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Aren’t all citizens equal before law?

Bangladesh on 12 November 2013
Location : Bangladesh | Source : Daily Star. Image Source: Stockmonkeys.com

Anti-Corruption Commission Chairman Badiuzzaman yesterday termed “unconstitutional” the newly introduced provision that requires the anti-graft body to take the government’s permission before filing graft cases against public servants.

Besides, civil society members and development partners have expressed their concern over the provision, and said it would make the anti-graft body dysfunctional.

Justifying his contention, Badiuzzaman citied article 27 of the constitution which reads, “All citizens are equal before law and are entitled to equal protection of law.”

When his attention was drawn to the ACC chief’s remarks, eminent jurist Shahdeen Malik echoed his views.

“The provision is discriminatory because it treats one group of people, who are government employees, differently than others as there is no necessity to take permission to file any case against other people,” he said.

He cited a recent High Court judgement that upheld the constitutional provision prohibiting making any discrimination.

The HC on September 26 declared “void and unconstitutional” the Contempt of Court Act that gives some protection to journalists and government officials.

Provisions of the Contempt of Court Act, 2013 are discriminatory since those give protection to a section of people, said the judgment, adding, “Every citizen is equal in the eye of law as per the constitution.”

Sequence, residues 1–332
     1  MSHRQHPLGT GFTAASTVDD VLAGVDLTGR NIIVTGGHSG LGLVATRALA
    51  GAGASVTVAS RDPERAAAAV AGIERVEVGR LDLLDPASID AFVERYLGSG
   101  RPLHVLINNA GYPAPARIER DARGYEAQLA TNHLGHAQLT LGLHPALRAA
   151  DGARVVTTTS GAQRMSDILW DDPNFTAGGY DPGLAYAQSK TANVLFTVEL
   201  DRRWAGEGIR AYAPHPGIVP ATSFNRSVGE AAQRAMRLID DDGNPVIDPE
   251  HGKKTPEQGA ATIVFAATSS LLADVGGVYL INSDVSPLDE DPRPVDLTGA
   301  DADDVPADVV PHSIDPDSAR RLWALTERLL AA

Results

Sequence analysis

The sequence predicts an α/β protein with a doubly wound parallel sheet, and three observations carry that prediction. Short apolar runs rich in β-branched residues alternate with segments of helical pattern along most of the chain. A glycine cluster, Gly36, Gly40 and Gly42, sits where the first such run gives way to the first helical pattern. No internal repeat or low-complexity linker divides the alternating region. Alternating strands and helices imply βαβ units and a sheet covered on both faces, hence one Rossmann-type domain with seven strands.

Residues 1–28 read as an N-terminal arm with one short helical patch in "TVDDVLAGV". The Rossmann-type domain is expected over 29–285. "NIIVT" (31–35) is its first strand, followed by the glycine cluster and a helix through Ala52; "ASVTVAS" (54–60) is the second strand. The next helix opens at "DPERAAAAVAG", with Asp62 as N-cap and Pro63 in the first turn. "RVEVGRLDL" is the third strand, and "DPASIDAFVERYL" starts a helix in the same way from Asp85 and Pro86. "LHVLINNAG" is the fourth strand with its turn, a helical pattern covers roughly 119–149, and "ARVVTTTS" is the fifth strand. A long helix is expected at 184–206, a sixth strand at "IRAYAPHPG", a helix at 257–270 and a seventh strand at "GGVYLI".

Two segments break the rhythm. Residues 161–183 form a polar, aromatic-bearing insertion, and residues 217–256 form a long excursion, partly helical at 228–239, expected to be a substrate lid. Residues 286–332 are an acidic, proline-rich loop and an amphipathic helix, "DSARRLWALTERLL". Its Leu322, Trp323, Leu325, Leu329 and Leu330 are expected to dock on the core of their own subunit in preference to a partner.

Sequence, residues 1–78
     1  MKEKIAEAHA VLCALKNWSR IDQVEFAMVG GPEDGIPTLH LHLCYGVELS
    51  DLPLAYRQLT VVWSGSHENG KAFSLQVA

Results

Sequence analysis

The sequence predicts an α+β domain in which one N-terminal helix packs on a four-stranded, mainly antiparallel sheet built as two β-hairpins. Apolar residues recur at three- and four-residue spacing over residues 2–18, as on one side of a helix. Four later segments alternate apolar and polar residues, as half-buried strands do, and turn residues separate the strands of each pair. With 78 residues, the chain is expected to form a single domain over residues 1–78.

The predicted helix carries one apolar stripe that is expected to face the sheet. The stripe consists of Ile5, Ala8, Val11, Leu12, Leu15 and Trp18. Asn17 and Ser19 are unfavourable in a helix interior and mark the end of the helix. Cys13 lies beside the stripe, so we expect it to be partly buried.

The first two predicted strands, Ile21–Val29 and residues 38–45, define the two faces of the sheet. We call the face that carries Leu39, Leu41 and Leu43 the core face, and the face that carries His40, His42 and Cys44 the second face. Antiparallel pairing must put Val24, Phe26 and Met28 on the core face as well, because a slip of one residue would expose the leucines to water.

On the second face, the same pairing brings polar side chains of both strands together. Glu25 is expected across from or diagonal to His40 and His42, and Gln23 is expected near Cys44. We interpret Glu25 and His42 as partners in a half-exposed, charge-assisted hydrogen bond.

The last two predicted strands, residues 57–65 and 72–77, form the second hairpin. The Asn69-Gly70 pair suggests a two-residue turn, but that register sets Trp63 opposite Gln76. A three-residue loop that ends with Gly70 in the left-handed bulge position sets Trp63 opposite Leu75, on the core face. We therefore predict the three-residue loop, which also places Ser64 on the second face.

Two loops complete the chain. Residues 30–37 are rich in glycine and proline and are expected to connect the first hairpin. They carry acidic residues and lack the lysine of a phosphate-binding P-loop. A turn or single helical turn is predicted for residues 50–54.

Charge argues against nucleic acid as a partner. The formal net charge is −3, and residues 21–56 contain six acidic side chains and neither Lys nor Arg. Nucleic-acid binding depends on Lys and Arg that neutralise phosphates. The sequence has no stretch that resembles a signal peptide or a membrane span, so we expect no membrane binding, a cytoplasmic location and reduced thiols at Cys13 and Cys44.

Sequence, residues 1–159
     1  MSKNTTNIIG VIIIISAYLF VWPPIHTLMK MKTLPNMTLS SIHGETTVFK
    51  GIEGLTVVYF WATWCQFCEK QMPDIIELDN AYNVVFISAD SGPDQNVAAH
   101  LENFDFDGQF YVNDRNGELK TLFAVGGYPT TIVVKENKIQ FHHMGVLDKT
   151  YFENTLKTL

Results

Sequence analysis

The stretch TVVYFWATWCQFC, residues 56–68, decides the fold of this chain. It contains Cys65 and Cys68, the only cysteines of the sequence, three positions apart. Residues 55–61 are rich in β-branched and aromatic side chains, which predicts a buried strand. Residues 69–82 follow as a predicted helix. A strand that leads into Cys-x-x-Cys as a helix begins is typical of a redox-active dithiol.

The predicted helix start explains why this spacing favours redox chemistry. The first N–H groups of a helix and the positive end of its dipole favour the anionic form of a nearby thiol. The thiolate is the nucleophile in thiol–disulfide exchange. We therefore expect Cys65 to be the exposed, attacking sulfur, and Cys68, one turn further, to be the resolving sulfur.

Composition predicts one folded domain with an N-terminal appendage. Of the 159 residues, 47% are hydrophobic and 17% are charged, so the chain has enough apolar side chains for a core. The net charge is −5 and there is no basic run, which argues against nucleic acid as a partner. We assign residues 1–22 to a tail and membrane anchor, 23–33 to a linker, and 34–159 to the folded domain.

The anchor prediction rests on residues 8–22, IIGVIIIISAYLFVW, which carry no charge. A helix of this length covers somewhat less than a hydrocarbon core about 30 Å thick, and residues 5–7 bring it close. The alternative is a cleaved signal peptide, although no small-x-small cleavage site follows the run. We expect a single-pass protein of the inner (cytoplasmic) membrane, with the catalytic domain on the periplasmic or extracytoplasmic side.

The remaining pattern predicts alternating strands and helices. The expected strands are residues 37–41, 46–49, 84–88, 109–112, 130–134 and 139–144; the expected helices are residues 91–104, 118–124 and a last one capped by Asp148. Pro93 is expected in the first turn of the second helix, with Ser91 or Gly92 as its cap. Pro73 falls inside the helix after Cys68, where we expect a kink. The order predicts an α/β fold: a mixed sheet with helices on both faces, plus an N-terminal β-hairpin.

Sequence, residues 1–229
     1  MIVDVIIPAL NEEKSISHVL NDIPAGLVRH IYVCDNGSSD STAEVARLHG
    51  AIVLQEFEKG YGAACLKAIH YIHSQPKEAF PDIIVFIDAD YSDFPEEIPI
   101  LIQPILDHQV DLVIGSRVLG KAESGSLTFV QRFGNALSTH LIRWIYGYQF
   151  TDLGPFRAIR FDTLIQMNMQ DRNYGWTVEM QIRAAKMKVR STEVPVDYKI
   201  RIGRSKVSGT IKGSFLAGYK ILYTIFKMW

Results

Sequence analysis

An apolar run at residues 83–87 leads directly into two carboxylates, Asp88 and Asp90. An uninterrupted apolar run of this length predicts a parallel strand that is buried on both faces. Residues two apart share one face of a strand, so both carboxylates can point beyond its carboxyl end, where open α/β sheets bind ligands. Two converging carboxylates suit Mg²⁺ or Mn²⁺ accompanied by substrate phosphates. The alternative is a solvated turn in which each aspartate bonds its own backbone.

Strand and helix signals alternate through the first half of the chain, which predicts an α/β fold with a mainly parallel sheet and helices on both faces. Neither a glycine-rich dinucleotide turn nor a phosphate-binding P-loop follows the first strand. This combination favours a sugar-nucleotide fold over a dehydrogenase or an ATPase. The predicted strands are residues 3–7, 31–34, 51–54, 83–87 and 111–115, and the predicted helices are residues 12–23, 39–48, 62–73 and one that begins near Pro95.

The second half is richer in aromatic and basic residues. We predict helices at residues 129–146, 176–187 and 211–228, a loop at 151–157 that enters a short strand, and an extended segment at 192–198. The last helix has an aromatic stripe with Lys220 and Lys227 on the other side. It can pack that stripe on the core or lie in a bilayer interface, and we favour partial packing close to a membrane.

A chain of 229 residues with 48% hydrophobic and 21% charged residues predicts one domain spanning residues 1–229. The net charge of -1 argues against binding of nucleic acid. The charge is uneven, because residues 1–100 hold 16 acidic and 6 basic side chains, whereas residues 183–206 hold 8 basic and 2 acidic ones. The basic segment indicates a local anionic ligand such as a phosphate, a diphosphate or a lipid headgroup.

The Jaiya Sangsad on Sunday passed a bill amending the ACC Act, 2004 to introduce the controversial provision, paying no heed to widespread criticism against it.

Contacted, Sultana Kamal, chairperson of Transparency International Bangladesh Trustee Board, also termed the provision “unconstitutional” and “unfair”.

She said since government officials are paid by people, they have to be more accountable to people. They do not deserve any government protection.

Talking to journalists at his office, Badiuzzaman said the new provision will weaken the ACC to some extent, and might encourage government officials to indulge in more corruption.

“The amended law curtails the ACC’s freedom to some extent as it will need prior permission from the government for submitting charge sheet against government officials.”

Replying to a question, he said the amendment will weaken the ACC but will not completely turn it into the now defunct bureau (Bureau of Anti-Corruption).

The bureau was converted into the ACC, a statutory body, in 2004. The  same year, the ACC Act-2004 was made and it was amended on Sunday.

The anti-graft body chief mentioned that opinions of the parliamentary standing committee concerned and the commission on the draft amendment to the law were ignored while amending it.

Asked would he take any steps to bring changes in this regard, he said the tenure of the present parliament is almost over, so they were thinking what they could do.

DONORS’ CONCERN

Development partners yesterday expressed concern over introduction of the controversial provision in the ACC Act.

Representatives of the donors at a meeting with the finance minister expressed their concern.

“This will damage the spirit of the ACC,” one of them was quoted as saying.

Neal Walker, United Nations Resident Coordinator in Bangladesh, said there were some differences from the earlier version of the act. “This concern was actually brought up by a representative of the EU.”

The development partners put emphasis on further consideration of the new provision in the act.

Finance Minister AMA Muhith told journalists that the donor agencies expressed their “concern” and “reservation” over the new provision.

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